- The Washington Times - Friday, May 5, 2006

Taiwan and the WHO

According to the White House’s new plan to deal with outbreaks of avian flu (“Nation told to prepare for flu,” Nation, Thursday), the United States will work with organizations such as the World Health Organization to contain the disease in its country of origin. But what if there were an infected country that because of political reasons was not allowed to participate in the WHO?

As a major international cargo transshipment point and the only country in the world not afforded the right to participate in the WHO, Taiwan very well may become that country one day. And despite its world-class public-health system and proven track record of humanitarian actions all over the world, it is still kept from participating in the WHO.

No one will truly be safe until all are allowed to participate in the battle against contagious diseases. It is time for Taiwan to be allowed to join the WHO.


North Potomac

Questions on Puerto Rico’s future

The recent editorial “Puerto Rico and statehood” (April 30) encapsulates with accuracy the fatal flaws afflicting the President’s Task Force Report on Puerto Rico’s Status. Far from offering a legitimate road map for the future, as Delegate Luis Fortuno misguidedly argues in his rebuttal to your editorial (“Puerto Rico’s status,” Letters, Wednesday), the task force’s report flatly denies self-determination to the people of Puerto Rico.

Rather than enabling Puerto Ricans to exercise in an unencumbered manner their inalienable right to self-determination, the task force’s report recommends that Congress provide for a federally sanctioned plebiscite that essentially stacks the deck in favor of statehood; an option that has been consistently rejected by the island’s electorate.

In order to derail the commonwealth alternative, which has prevailed in all plebiscites since 1967, the report suggests putting the options of statehood and independence on one side of the ballot lined up together against commonwealth. If the vote for commonwealth does not exceed the combined vote for the other two options, a second vote between statehood and independence would be required. If, on the contrary, commonwealth were to prevail on the first vote, the report further recommends that the people of Puerto Rico keep voting until either statehood or independence wins. Either scenario would pave the way for statehood since less than 4 percent of the voters support independence.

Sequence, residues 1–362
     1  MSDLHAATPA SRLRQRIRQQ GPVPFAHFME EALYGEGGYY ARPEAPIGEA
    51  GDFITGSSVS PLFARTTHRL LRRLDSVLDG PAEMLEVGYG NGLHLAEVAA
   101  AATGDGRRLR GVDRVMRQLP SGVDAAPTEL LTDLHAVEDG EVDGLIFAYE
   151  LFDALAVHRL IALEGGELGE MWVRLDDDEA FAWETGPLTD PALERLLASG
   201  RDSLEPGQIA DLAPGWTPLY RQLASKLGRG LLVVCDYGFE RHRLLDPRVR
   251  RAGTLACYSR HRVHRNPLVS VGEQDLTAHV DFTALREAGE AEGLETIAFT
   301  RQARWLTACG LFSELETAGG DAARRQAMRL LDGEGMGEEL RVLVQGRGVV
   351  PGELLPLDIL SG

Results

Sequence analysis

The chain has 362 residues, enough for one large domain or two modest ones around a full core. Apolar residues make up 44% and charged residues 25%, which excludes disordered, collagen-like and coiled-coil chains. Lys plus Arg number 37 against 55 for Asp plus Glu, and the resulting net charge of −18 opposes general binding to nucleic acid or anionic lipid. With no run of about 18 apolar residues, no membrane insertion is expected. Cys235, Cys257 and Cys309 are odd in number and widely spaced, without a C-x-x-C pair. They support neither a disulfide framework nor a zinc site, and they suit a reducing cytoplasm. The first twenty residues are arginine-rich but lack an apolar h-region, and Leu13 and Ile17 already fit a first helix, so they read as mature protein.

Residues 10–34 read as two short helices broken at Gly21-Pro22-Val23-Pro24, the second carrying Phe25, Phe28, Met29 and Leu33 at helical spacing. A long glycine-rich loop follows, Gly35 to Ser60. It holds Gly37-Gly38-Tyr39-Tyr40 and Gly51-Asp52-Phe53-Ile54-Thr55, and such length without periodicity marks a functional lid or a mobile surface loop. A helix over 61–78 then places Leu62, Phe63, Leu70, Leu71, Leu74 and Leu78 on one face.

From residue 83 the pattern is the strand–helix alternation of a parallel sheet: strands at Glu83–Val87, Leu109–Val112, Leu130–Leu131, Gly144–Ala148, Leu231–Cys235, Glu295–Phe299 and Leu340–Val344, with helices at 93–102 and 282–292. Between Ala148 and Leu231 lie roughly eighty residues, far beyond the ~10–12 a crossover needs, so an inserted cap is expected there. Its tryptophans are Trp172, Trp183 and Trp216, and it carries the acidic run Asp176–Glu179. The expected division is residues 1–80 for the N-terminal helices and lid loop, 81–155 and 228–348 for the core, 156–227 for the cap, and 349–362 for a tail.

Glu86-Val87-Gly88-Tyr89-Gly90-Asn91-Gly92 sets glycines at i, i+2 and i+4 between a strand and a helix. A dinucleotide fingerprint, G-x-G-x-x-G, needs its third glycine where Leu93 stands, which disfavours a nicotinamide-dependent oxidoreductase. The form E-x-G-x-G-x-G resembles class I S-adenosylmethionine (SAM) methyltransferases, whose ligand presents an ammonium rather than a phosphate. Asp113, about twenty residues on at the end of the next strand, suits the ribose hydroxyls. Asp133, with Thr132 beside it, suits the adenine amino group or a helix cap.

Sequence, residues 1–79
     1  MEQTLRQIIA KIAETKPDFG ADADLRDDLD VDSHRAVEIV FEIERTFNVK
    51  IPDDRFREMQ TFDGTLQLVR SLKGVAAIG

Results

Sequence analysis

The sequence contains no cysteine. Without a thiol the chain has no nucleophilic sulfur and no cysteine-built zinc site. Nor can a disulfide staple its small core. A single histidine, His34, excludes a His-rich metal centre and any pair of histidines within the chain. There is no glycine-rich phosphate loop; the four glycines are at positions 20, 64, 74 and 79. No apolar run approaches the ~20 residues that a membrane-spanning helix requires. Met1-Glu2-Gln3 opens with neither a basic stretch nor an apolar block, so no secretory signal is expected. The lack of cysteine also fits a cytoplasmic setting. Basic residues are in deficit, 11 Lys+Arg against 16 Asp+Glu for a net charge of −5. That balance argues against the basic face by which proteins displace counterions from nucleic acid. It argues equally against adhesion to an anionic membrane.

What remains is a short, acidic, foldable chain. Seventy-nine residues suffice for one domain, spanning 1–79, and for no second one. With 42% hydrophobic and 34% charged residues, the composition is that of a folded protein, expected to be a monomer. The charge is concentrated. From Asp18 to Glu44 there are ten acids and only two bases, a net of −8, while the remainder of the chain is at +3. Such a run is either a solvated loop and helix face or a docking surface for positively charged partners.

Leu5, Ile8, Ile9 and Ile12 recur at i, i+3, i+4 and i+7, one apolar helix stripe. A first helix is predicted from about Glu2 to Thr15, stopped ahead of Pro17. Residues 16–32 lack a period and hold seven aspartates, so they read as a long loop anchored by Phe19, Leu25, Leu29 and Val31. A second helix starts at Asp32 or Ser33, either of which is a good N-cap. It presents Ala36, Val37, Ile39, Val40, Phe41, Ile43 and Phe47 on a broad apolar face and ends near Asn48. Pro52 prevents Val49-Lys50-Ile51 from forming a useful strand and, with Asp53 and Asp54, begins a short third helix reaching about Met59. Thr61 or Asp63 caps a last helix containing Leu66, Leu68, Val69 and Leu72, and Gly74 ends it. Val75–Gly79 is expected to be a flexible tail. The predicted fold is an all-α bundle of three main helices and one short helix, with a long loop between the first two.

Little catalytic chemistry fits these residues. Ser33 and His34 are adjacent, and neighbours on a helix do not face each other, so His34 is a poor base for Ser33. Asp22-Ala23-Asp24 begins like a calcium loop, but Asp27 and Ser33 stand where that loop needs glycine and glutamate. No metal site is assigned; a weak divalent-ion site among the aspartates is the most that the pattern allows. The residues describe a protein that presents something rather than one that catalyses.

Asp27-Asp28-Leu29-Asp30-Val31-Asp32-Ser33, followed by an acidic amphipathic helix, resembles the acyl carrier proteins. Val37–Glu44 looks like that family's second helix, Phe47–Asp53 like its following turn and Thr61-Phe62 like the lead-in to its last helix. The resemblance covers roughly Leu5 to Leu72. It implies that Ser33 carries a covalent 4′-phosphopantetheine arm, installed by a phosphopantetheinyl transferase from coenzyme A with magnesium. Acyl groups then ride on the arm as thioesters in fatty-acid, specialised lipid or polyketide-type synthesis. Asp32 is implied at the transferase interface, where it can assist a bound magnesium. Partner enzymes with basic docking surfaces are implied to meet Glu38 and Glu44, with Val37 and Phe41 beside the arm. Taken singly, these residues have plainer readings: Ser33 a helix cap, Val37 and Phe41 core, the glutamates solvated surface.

The people of Puerto Rico are well advised in not lending their support to this procedural charade. The future of our association with the United States belongs not in the hands of second-tier bureaucrats lacking the most basic historical and legal understanding of such a complex relationship, but in the hands of our people. Let the people of Puerto Rico tread along a path of their own choosing; free from procedural traps and misleading schemes.

The right approach is embodied in the Puerto Rico Self-Determination Act of 2006 currently before Congress. This bill calls for the election of a local constitutional convention that will have the task of formulating a real self-determination proposal. This is by far the most democratic procedural option and the one with deepest roots in American constitutional history.



What the news story from combined dispatches on Puerto Rico (“Puerto Rico fiscal crisis worsens,” Nation, Thursday) does not say is that the governor of Puerto Rico, former Democratic delegate to Congress (2000-2004) Anibal Acevedo Vila ran on the issue of no sales taxes, that during the same period he and the former Democratic Gov. Sila Calderon increased the territory’s public debt by almost 50 percent from $27 billion to $39 billion on an economy that was growing at a rate of 2 percent in an all-out effort to increase the payroll prior to the 2004 elections.